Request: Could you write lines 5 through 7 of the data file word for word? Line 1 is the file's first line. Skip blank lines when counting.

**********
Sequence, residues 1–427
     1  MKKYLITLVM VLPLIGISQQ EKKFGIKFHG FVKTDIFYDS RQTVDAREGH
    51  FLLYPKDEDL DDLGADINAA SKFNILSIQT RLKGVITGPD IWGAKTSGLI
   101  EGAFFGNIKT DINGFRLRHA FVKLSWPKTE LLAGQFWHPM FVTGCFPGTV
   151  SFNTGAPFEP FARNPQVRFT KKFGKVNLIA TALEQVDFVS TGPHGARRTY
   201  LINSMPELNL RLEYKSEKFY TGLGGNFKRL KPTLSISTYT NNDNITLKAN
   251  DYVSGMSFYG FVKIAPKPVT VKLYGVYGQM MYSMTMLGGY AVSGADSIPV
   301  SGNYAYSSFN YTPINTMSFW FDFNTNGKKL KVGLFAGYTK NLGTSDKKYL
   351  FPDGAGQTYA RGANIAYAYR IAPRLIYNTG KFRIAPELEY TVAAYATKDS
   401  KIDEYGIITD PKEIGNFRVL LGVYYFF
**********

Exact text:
   151  SFNTGAPFEP FARNPQVRFT KKFGKVNLIA TALEQVDFVS TGPHGARRTY
   201  LINSMPELNL RLEYKSEKFY TGLGGNFKRL KPTLSISTYT NNDNITLKAN
   251  DYVSGMSFYG FVKIAPKPVT VKLYGVYGQM MYSMTMLGGY AVSGADSIPV